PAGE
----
• Melanie Naranjo

3 low-lift activities to make your manager trainings better


3 low-lift activities to make your manager trainings better - two managers discuss training

In this article:

Roleplay — hear me out!

Peer coaching

Live working sessions


Developing your company’s in-house manager training is hard: training managers requires serious engagement from a group of employees who already have a lot on their plates. The reality is most companies struggle to roll out effective manager training series that lead to real change. But in a growing org, training your managers to be effective leaders and communicators is critical for your team’s successes. Below, we’ll break down the three things we’ve learned that take training from “I’m here because I have to be” to “Wow, I learned something!”


Here at Ethena, we take training seriously. Because we understand the power training has to affect change and set the tone for company culture. So when we rolled out our in-house training series for managers, our goal was to make it every bit as effective as the training courses we sell.


We collected feedback from our managers on the topics they were struggling with most. Our first three sessions were run by yours truly and focused primarily on coaching through conflict and performance management (setting expectations, accountability, and managing underperformance). And while we’ve still got one training left in the series, the feedback so far has been stellar. In fact, each training has consistently received a 100% favorability rating for the survey question, “Would you recommend this training to other managers?”


So, no matter where you are in your manager training program, from teams looking to upgrade their existing training to first-time teams looking to get started, we’ve got some universal takeaways (and downloadable templates!) that you need to bring to your next training session.


Here are some of the activities that helped make our manager training series so effective.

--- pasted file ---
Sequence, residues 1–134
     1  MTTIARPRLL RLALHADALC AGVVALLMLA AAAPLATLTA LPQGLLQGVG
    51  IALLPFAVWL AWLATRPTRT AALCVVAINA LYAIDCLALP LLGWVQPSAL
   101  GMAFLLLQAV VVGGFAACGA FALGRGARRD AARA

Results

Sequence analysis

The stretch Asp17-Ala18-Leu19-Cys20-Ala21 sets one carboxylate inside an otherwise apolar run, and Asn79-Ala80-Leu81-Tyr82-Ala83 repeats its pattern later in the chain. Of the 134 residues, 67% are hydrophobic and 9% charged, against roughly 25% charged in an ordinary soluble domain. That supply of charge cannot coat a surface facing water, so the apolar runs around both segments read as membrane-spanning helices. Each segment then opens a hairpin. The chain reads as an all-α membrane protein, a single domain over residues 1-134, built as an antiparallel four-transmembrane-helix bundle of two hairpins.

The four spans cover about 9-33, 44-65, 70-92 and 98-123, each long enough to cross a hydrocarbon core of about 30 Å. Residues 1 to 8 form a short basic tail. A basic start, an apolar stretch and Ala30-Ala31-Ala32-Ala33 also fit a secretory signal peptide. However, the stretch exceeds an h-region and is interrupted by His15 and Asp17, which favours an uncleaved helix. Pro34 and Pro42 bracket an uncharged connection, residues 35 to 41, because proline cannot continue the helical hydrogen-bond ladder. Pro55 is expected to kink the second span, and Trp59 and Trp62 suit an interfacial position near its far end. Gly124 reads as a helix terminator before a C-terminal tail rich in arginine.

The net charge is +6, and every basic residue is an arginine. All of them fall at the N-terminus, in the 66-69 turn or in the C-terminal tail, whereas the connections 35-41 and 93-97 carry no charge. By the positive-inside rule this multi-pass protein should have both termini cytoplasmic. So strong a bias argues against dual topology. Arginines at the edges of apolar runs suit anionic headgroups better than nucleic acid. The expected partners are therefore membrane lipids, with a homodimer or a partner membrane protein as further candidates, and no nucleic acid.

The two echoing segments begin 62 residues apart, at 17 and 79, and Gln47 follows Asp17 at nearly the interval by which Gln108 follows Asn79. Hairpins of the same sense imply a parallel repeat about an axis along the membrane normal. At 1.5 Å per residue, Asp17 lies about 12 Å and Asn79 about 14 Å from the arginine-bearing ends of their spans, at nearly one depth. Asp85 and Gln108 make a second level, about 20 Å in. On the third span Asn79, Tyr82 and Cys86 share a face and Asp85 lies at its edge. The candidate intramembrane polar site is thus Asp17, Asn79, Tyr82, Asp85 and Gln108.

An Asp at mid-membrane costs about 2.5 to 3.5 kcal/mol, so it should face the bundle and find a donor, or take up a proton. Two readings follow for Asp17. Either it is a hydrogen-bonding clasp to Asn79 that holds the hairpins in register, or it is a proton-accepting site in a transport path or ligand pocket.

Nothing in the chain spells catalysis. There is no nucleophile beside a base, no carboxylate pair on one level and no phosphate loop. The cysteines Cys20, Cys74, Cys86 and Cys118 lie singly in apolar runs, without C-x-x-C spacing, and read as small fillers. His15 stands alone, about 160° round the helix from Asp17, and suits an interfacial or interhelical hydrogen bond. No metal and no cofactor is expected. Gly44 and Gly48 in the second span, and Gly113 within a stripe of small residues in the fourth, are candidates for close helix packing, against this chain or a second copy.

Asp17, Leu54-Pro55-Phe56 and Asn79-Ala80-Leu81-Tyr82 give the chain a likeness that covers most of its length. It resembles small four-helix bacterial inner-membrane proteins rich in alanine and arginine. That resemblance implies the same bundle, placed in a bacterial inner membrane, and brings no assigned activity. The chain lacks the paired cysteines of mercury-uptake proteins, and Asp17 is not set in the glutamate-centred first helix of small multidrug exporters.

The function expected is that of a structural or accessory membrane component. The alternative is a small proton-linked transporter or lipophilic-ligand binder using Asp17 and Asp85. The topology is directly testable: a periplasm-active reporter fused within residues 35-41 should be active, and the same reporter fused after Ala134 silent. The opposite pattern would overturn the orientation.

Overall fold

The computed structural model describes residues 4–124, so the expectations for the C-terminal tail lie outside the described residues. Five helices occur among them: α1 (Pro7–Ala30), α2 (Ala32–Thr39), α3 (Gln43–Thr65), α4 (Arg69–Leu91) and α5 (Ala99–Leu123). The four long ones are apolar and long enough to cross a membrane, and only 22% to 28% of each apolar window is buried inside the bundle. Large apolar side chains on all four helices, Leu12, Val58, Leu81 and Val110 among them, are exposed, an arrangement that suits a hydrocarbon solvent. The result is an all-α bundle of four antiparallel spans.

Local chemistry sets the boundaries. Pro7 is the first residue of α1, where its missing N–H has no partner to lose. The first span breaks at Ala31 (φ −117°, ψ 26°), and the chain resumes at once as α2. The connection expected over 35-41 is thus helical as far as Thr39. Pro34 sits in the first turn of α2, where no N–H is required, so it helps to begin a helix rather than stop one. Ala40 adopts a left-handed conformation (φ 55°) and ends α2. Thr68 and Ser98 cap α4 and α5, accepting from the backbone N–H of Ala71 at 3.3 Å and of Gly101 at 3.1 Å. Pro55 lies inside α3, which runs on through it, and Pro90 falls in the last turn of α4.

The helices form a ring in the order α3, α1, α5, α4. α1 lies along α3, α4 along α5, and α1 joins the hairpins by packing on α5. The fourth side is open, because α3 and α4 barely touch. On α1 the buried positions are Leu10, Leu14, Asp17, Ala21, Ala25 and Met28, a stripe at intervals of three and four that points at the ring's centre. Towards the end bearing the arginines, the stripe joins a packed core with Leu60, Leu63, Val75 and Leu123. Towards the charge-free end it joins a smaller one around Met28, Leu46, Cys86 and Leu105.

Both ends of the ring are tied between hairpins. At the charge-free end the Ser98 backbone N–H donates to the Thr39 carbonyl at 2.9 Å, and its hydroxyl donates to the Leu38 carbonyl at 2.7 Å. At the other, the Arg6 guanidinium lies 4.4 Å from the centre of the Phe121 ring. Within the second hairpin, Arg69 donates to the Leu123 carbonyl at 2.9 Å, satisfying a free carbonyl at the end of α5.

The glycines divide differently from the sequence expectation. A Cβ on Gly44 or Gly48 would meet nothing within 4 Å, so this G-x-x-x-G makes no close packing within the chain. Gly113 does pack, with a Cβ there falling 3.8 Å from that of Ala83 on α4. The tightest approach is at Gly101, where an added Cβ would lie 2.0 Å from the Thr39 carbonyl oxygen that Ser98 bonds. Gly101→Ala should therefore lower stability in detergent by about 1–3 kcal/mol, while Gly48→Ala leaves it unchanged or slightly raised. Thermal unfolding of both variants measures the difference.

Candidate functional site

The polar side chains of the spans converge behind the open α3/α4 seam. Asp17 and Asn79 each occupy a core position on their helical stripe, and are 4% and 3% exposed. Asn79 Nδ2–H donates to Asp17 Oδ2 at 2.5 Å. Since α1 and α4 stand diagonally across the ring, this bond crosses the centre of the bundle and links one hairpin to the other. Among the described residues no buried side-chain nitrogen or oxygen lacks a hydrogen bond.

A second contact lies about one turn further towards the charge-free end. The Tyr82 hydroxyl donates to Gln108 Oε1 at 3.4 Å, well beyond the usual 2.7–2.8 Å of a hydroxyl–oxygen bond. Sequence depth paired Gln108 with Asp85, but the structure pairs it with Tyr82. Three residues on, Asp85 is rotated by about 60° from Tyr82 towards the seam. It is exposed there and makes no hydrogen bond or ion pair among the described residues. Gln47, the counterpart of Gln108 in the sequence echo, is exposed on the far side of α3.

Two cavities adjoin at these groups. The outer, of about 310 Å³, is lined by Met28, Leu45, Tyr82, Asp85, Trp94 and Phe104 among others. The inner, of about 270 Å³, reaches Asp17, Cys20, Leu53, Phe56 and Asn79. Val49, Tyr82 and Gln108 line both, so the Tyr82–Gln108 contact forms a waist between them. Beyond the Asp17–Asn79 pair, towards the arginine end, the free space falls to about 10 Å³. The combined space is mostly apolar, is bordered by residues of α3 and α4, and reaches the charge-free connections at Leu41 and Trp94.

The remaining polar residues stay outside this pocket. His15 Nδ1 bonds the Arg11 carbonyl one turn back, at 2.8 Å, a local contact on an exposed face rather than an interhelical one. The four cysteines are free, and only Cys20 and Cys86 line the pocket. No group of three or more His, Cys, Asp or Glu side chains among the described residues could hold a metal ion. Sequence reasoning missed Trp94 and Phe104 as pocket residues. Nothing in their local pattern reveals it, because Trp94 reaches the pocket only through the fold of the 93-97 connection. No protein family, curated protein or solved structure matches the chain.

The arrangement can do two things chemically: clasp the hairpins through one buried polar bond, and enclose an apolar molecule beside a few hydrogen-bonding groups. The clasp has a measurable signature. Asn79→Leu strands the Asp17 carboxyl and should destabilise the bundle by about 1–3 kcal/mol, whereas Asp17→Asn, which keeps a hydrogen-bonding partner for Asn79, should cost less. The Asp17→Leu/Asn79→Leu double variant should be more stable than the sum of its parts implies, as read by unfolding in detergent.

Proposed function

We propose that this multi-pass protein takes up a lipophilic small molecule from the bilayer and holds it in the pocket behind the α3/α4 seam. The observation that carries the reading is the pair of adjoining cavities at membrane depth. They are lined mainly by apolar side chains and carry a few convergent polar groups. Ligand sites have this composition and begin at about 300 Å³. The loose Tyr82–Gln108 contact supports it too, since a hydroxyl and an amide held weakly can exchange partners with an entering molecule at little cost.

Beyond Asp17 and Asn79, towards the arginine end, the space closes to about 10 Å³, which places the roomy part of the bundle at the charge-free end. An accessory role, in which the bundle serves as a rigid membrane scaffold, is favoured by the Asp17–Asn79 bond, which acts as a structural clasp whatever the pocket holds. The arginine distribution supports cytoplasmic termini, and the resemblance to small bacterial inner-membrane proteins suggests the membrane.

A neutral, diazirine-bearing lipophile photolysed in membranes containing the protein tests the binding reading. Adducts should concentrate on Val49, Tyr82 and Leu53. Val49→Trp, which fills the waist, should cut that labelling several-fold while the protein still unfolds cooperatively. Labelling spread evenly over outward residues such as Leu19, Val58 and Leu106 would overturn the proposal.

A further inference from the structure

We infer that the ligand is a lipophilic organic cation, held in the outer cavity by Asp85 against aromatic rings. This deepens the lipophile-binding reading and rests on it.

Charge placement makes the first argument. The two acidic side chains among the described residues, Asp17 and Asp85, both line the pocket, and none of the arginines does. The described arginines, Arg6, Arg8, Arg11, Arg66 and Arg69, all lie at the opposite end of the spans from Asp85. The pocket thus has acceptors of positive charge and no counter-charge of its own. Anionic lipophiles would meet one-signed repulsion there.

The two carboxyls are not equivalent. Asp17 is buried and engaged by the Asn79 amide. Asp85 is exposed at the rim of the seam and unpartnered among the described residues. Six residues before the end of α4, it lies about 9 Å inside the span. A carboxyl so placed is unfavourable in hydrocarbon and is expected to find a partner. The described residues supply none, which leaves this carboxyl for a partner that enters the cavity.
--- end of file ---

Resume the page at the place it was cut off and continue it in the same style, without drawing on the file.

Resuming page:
Roleplay — hear me out!

I’m not talking about on-the-spot improv (which I think we can all admit is a teensy bit . . . cringe).


I’m talking about you as the instructor acting out a script that you prepare beforehand.


Why use a script for roleplay? This approach forces you to replace vague advice with clear and specific examples of the behavior you’re coaching for (and against).


Think about it: managers are constantly bombarded with vague, pithy-sounding advice like, “be kind, but don’t sugarcoat” and “be direct, but keep it motivational.” But what does that actually mean? And how does anyone know if their definition of “direct” is the same as yours?


With scenario-based roleplay, managers don’t have to guess. They can listen to realistic examples of common missteps (and wins) and see for themselves what it looks like for a manager to sugarcoat when they shouldn’t or remain motivational while being direct.


Even better, once they see the examples in action, it’s easy to throw in a few empathy-building questions, such as: “Why do you think the manager approached the discussion this way?” and “What do you think is going through the direct report’s mind right now?”


Peer coaching

The number one thing I hear managers consistently ask for is more opportunities to talk to other managers. And it makes sense: When you go from acting as an individual contributor to functioning as a manager, your day-to-day work can feel isolating and full of uncertainty. Questions like “Am I a good manager?” and “Am I the only one experiencing these challenges with my team?” are common among managers — especially first-time managers.